It’s not that Chinese authorities are ignoring the benefit of using mRNA vaccines. Last month, Zeng Guang, former chief epidemiologist of the China Center for Disease Control and Prevention, recognized that “real world data showed that using mRNA vaccines or recombinant protein vaccines as a booster dose for inactivated vaccines would give better results,” citing data from countries like Turkey, Thailand and the United Kingdom. Lebanon.

But still, Zeng insisted that using the same technology to deliver booster shots would be safer and more widely accepted by the public.

So why is the Chinese government reluctant to approve Western mRNA vaccines?

Yanzhong Huang, senior global health researcher at the Council on Foreign Relations, said politics seemed to be the main consideration at stake.

China has pledged millions of coronavirus vaccines to countries around the world.  And he's ready to deliver them
China had been a pioneer in the global vaccine race for much of the past year, developing multiple injections of Covid using the old-fashioned approach of using an inactivated whole virus to trick the body into building immunity.
It also sent billions of doses abroad – a campaign that has provided vital access to vaccines in developing countries, while also serving to help Beijing promote soft power and project international influence.

“When China developed their own vaccines, they used it to show off China’s technological advancements. And now if you switch to an overseas-made vaccine, that’s admitting that you’re not so good than other countries in terms of technological capabilities, ”Huang said.

The Chinese government may also want to protect the interests of its domestic vaccine industry, according to Huang. “I’m sure they (the existing vaccine makers) would be very reluctant to bring foreigners into this huge market,” he said.

As Chinese regulators have suspended approval of the BioNTech vaccine, domestic companies have been given the green light to move forward with the development of their own mRNA vaccines.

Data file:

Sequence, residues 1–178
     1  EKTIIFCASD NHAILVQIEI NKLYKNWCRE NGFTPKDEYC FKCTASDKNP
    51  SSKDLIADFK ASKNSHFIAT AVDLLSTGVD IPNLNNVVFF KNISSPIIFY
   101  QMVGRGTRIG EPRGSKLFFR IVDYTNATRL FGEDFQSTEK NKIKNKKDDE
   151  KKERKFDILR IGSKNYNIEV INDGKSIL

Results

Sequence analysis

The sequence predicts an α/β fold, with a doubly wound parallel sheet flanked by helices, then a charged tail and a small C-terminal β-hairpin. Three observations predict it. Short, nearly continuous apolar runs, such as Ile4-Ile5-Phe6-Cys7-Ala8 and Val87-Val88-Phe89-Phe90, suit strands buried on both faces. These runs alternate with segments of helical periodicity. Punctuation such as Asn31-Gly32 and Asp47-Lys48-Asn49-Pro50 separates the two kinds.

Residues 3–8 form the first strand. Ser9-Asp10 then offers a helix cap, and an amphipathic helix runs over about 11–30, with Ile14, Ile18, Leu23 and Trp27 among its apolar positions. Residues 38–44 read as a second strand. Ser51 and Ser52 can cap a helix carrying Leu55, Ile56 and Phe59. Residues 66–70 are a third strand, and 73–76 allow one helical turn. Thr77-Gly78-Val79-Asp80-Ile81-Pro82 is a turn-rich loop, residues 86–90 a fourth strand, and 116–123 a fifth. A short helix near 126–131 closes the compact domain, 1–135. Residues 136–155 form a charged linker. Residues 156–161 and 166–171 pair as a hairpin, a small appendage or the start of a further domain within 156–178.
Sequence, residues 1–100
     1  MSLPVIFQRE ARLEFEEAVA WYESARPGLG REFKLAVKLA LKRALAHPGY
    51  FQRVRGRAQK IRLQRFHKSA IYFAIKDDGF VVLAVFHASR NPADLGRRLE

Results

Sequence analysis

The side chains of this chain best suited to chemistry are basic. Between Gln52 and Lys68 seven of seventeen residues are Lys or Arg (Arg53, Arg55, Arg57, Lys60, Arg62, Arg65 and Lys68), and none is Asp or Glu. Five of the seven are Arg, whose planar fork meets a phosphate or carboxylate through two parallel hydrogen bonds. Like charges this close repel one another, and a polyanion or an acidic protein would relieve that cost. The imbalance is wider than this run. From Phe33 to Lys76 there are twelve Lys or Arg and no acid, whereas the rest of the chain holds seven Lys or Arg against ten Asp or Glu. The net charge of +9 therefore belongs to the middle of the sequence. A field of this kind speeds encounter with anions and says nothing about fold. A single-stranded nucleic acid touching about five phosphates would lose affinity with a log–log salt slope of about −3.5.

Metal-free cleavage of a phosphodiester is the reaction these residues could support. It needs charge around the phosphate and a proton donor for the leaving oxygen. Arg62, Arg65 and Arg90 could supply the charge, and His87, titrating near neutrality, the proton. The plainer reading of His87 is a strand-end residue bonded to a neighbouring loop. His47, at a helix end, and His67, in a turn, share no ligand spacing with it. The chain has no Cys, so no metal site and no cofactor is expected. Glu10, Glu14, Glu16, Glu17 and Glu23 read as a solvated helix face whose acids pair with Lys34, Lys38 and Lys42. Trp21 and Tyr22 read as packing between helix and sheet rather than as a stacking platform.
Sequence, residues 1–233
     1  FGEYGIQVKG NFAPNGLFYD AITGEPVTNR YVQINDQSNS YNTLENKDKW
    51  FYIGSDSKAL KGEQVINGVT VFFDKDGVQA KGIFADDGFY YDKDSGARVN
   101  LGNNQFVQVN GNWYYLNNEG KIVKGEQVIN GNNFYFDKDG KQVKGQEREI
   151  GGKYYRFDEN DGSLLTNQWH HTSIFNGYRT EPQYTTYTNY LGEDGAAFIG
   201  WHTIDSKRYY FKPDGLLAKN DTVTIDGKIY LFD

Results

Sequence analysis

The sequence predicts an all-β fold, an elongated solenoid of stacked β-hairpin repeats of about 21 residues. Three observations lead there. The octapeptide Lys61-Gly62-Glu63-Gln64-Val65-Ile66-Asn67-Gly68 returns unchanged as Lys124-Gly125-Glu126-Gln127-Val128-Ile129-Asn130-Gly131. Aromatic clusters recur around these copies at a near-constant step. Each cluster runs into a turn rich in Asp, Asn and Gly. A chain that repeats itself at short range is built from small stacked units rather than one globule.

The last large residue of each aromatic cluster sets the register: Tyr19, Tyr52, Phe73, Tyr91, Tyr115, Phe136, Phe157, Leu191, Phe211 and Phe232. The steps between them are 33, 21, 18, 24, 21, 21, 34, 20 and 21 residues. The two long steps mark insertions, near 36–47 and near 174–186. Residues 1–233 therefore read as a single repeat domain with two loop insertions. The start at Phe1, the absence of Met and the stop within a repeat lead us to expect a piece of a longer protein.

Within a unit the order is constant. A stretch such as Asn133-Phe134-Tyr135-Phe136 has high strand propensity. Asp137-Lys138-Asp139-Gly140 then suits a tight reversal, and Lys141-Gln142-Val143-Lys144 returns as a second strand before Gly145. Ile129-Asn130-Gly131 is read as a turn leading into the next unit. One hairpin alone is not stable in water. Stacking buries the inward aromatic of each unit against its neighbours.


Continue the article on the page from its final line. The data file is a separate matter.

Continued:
Last month, the Chinese Ministry of Science and Technology approved tests for a nationally developed mRNA vaccine as a booster injection – for adults who have been completely inoculated with inactivated vaccines. He has already conducted clinical trials in countries like Mexico and Indonesia, although the results have yet to be announced.
The vaccine, ARCoVax, was jointly developed by Walvax Biotechnology, Suzhou Abogen Biosciences and the Academy of Military Medical Sciences, a Chinese military research institute. Its production base in southwestern Yunnan province has the capacity to produce 200 million doses per year, according to state media reports, who praised China’s success in “grasping the basic technology of mRNA vaccines”.

Several other Chinese companies, including state-owned giant Sinopharm, are also developing mRNA vaccines, Huang said. Beijing will likely want to approve local mRNA vaccines before giving the green light to foreign vaccines, he added.

But there are signs that Chinese experts are hoping for more cooperation with their Western counterparts.

Over the weekend, Zhong Nanshan, one of China’s leading respiratory disease experts and government adviser, urged China to step up exchanges and cooperation in vaccine development with other countries.

“We need to learn about the good things in other countries, like mRNA (vaccines),” Zhong said in a forum in the southern city of Guangzhou on Saturday.

“They have devoted years to research and managed to develop the world’s first mRNA (vaccine) in just a few months … We have to learn from their technology in this area,” he said.